A good friend of mine sent me a sad but wonderful story she had read in your fine newspaper. After reading it, I was compelled to write and comment.
In this excellent and well-written piece, “From a pauper’s grave to Arlington honors” (Plugged in, Thursday), Martha M. Boltz writes about Cpl. Isaiah Mays, a Buffalo Soldier who received the Medal of Honor after being wounded in 1889 while defending a government payroll train against robbers. He will be reburied soon in Arlington National Cemetery after being transferred from a pauper’s grave in Phoenix.
I read in tears how Mays, after being shot in both of his legs, “walked and crawled” for more than two miles to the nearest help and how the robbers were acquitted soon thereafter. The robbers were “white, probably connected to local Mormons,” which was not a minor detail at the time. According to a man quoted in the article, convicting Mormons was not conducive to Arizona’s statehood efforts, “especially on the testimony of blacks.”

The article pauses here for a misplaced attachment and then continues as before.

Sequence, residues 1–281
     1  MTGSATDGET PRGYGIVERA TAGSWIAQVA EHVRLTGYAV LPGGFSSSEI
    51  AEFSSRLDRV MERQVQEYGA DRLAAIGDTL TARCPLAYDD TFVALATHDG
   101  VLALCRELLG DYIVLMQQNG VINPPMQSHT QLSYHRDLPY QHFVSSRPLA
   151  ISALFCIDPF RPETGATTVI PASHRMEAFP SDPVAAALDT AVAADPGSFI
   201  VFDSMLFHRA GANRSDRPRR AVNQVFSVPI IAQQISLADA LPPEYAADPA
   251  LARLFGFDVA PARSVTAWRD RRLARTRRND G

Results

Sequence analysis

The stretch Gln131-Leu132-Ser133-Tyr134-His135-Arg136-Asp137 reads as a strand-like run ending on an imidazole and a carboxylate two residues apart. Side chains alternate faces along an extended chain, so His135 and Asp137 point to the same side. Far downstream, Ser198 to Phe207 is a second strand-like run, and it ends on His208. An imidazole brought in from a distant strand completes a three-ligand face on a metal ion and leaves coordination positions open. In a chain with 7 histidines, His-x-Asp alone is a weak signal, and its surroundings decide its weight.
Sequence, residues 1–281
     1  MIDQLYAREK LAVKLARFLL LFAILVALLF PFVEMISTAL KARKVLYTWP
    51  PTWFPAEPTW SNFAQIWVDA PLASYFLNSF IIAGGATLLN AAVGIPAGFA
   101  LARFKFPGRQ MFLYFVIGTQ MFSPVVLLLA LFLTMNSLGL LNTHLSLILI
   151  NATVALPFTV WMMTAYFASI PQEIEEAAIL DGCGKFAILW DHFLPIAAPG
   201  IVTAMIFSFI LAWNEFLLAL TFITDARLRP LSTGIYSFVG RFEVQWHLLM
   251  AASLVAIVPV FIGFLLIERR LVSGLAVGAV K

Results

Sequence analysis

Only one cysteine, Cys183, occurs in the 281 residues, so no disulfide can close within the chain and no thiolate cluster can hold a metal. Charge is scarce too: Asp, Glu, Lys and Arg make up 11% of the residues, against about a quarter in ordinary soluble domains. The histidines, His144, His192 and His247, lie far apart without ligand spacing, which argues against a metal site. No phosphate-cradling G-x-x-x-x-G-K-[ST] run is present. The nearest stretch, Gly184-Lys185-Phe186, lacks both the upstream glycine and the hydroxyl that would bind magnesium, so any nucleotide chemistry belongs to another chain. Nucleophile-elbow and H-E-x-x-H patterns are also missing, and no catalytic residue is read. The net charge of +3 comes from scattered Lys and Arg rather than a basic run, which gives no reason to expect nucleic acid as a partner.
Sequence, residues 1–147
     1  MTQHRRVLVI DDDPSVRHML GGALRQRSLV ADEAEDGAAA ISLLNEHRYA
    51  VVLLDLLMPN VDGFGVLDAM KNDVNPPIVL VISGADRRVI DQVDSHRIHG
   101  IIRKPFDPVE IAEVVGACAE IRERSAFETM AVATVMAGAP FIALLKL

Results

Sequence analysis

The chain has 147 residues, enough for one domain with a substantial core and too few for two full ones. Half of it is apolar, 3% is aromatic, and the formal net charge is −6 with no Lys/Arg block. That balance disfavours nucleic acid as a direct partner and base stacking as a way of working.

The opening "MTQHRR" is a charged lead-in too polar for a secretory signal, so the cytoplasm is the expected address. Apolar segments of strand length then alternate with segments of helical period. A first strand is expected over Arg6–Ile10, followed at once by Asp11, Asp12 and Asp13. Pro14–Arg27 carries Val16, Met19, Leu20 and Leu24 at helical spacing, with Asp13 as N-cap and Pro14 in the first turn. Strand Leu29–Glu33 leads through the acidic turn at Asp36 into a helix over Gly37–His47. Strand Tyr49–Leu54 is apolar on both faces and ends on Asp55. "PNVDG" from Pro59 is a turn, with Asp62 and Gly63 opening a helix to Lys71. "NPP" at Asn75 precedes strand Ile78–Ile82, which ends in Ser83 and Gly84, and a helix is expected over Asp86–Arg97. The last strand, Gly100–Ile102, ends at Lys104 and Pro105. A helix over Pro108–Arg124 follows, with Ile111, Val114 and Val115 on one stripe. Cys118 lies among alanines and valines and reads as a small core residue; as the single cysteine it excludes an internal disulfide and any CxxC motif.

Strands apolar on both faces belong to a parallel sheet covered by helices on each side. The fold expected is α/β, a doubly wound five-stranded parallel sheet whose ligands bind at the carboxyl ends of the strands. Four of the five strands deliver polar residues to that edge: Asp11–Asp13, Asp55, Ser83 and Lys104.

Little-known stories like this abound in America. Often white Americans tell us black Americans to “stop whining” and “get over it.” If they are talking about history such as this, let me know my history first before I have to forget it.
PAMELA A. HAIRSTON